Monday, March 22, 2010
A Closer Look At: Face Screens
Am SO excited about today's entry, which opens a door to a realm of domestic history I hadn't encountered before.
The round screen above, currently up for auction on eBay, originated in Venice. Unlike most of the handheld fans we know, it was not used to cool the face by displacing the air. Instead, it shielded the face from the direct heat of a fire, which, not too long ago, was the only way to keep a house warm.
A fire could redden the carefully cultivated pallor of upper-class women--and worse. The caption that describes this pair of puzzle-inscribed face screens (from the Puzzle Museum) elaborates the extent of potential damage:
"200 years ago, most of your makeup was wax based. If you warmed up your face, your make-up will run and you will look like a mix between a zebra and a strawberry-slice. So these face screens were invented for when your neighbour came round for a girly chat. Using them you could protect your face from the direct heat while the rest of you kept warm; and at the same time you could solve the puzzles."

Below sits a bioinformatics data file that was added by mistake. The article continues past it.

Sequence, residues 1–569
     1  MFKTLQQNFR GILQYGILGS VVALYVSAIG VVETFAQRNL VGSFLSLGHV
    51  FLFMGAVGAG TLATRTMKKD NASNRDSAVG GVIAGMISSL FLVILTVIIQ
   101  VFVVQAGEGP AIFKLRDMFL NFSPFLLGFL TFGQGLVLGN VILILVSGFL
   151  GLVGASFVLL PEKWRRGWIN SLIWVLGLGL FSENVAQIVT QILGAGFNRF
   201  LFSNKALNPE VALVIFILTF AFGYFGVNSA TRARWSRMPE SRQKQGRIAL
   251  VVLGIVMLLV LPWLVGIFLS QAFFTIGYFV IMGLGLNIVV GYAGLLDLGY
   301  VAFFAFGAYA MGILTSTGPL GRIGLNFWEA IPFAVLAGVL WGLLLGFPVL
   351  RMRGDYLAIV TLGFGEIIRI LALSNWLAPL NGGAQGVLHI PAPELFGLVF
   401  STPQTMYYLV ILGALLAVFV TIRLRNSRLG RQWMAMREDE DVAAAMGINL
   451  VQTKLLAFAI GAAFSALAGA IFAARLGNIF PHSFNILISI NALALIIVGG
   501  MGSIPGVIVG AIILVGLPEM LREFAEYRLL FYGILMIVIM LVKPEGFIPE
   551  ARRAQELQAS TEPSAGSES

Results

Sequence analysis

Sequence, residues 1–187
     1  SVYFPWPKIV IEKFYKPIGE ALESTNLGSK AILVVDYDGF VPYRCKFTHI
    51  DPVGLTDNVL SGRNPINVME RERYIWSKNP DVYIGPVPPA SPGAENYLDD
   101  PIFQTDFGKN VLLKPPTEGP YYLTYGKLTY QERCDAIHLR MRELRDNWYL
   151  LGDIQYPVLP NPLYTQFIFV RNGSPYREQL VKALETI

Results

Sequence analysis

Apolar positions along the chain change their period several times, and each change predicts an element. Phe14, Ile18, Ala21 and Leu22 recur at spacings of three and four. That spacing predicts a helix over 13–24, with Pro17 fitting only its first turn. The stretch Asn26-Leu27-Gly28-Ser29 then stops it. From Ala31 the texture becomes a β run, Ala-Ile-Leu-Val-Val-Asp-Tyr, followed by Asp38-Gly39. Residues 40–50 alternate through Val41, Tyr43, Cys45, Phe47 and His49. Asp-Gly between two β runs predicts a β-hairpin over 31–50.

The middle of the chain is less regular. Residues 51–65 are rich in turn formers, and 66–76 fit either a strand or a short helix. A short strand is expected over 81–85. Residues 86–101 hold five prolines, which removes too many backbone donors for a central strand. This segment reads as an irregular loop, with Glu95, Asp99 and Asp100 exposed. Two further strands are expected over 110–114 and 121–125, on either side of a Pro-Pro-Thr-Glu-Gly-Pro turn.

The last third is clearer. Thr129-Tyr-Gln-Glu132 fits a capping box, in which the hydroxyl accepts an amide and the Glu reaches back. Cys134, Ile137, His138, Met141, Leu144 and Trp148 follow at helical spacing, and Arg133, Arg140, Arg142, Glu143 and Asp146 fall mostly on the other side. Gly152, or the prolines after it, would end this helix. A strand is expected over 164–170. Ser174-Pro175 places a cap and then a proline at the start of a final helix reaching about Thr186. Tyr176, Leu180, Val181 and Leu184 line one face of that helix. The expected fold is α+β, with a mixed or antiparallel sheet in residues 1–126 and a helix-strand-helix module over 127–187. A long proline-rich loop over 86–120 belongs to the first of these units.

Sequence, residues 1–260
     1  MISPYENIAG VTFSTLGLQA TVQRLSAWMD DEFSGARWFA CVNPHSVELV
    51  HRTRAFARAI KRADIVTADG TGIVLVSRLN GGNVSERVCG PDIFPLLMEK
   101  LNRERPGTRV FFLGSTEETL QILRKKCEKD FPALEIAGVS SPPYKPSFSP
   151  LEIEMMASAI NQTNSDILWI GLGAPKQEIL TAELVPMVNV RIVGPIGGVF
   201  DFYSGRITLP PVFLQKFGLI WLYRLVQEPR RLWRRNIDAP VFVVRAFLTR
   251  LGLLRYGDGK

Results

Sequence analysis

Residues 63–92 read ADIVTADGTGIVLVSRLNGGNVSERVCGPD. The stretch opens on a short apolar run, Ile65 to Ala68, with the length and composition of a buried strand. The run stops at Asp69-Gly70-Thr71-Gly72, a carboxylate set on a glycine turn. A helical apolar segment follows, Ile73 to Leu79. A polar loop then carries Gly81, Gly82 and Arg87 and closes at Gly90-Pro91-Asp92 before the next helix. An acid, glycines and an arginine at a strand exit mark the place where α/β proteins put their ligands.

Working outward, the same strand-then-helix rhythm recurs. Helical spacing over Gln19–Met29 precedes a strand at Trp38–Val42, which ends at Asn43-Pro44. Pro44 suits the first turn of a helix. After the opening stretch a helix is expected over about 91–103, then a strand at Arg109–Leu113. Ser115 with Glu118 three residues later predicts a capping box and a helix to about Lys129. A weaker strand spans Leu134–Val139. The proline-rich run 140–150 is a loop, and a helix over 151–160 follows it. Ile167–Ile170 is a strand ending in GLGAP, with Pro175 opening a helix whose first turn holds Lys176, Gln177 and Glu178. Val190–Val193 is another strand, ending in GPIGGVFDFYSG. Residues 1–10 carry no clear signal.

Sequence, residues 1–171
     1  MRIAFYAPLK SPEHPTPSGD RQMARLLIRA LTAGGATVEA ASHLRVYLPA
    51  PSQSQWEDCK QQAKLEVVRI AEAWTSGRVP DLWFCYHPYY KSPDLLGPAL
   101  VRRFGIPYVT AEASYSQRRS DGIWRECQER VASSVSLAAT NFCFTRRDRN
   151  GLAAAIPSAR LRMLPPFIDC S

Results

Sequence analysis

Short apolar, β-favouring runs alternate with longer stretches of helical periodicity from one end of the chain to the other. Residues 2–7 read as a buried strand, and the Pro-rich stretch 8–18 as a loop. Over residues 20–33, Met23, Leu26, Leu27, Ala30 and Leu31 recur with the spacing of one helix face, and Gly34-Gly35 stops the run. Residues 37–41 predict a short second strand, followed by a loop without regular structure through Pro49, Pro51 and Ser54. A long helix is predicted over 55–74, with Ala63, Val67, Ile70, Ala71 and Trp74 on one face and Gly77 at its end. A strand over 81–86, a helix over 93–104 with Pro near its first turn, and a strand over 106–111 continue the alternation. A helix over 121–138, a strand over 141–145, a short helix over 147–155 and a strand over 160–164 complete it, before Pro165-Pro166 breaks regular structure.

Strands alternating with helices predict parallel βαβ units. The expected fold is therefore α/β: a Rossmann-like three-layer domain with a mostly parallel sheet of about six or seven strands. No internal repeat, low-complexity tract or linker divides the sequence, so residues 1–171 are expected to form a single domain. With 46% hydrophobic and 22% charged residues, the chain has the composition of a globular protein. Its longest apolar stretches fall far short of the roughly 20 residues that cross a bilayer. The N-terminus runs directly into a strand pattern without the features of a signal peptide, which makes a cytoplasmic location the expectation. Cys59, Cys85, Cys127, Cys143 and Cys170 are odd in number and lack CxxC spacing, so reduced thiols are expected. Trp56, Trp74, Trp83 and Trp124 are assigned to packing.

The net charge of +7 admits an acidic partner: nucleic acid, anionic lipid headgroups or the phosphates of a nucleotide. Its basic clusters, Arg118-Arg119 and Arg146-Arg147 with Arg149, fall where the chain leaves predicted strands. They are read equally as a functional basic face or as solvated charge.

How inviting is the idea of hanging around in front of a cozy fire with your friends, gossiping and playing guessing games . . . according to the seller, the Venetian screen's conversational prompts were the figures depicted on it. Virgin Mary in the middle is easily i.d.'ed thanks to her blue robe, but as for the rest, especially the little guys with the shears . . . perhaps an early-19th-century Italy expert could write in.
Just as evocative, in a different way, is the wonderfully shabby floral on the reverse of the fan, reminiscent of lush Venetian velvet tapestries that have withstood centuries of rising damp and fog . . .
(with many thanks to the Puzzle Museum and especially to Anti-qs for providing the wonderful photos of the Venetian screen.)